Put to the larger picture, a community must involve and engage its youth. It is certainly the job of police to watch and monitor the activities of all people, particularly youth. It is also the responsibility of parents and grandparents to know where their children are and what they're doing. But these alone are not enough. It is the duty of the community to have activities, recreational and educational, to engage our youth to show them that their future is important, and that fun and play can be part of their future. By doing so, youth can avoid the possibility of participating in unproductive, illegal or dangerous activity.
Our cities are failing in all counts. An easy and immediate step would be to keep and expand recreational and educational opportunities for young people after school and creating more job opportunities for youth, especially during the summer months. Politicians cry "no money" for these things. How can we afford to NOT do these?

3) Better Policing Methods.

Police budgets are shrinking, as all budgets are. But, surely, the most important responsibility of government is to maintain the safety of its citizens. We often hear cries of "more police are needed", and there may be truth to this. But better policing can help. Have more police in neighbourhoods ON FOOT, talking to people, interacting with them, instead of sitting in their cruisers, watching their computer screens, writing reports, depending on closed circuit security cameras to be their eyes. An active and engaged police officer, willing to walk and talk to the citizens, to get to know them and follow their lives, can go much further than a police officer prowling in cars, responding AFTER an incident has occured. Will this type of policing cost more? Of course it will. But it is a cost that must be paid.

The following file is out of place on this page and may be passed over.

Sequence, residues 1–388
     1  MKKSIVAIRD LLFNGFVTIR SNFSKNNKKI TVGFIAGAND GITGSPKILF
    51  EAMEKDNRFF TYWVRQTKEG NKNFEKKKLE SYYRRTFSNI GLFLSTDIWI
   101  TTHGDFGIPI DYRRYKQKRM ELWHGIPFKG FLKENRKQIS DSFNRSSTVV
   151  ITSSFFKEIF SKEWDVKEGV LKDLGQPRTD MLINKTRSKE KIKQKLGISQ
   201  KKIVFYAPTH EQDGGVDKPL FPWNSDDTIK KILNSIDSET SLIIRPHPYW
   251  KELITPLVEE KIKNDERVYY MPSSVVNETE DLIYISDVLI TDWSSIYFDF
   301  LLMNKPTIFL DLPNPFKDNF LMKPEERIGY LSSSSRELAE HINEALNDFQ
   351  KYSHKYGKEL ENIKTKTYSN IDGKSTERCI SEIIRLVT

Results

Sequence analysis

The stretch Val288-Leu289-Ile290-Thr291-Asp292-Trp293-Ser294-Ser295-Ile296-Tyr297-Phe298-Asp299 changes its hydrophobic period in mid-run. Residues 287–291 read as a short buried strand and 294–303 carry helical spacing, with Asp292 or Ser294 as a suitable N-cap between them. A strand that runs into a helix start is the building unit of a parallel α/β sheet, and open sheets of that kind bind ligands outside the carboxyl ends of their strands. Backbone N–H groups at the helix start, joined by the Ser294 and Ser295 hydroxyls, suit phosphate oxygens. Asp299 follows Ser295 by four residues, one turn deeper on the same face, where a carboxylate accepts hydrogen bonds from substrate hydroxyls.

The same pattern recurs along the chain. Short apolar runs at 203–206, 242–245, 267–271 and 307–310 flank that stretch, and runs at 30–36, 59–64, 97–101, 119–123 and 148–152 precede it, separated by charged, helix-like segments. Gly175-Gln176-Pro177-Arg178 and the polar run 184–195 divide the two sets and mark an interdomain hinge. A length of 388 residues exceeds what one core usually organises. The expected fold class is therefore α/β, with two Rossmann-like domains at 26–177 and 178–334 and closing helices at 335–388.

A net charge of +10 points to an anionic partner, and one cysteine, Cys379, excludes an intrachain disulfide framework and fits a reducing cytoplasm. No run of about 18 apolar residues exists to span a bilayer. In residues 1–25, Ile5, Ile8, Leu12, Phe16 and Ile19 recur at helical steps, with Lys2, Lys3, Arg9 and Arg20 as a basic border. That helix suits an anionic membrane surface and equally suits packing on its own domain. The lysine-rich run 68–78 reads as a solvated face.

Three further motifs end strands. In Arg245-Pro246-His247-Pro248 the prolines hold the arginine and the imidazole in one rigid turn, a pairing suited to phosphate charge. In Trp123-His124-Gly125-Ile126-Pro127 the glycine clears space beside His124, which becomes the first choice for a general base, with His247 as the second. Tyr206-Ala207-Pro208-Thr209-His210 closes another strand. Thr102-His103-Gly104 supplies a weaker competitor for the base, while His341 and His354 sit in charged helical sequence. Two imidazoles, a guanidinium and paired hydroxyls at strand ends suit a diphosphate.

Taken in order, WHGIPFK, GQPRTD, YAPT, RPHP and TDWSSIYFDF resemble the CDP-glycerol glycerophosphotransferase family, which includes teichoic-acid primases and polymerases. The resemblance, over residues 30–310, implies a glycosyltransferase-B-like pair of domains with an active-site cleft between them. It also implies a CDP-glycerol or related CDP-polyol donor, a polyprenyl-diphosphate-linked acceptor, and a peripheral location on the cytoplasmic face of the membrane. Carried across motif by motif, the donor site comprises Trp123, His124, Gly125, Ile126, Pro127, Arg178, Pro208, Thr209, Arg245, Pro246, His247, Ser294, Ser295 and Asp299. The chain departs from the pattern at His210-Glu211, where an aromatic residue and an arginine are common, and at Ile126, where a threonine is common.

4) Tougher Laws and Sentences Will Stop The Violence.

Hard to believe that this alone will be effective. How many gun thugs actually think about the consequences of their actions? How many actually believe they will be caught? But society needs some kind of reassurance that, if an act of gun violence is committed upon law abiding citizens, the consequences will be severe. Are the current laws and sentences severe enough? Society seems to think not. Perhaps they simply want their pound of flesh, but if it makes society feel better, then, perhaps our leaders should persure this. Launch a full review of the Criminal Code of Canada, particularly where gun violence is covered. Re-work the existing laws to give judges stiffer minimum sentences to work with, thus taking the pressure off their discretion in handing out sentences. It will probably do little to lessen the gun violence, but society will feel better.

To do nothing, to carry on as we have before, is unacceptable. This is a matter beyond political posturing. It is not an issue of the right or the left. It affects all of us. We must do something now. And we must continue to talk about it and explore new ways of handling the situation. The ostrich must take his head out of the sand.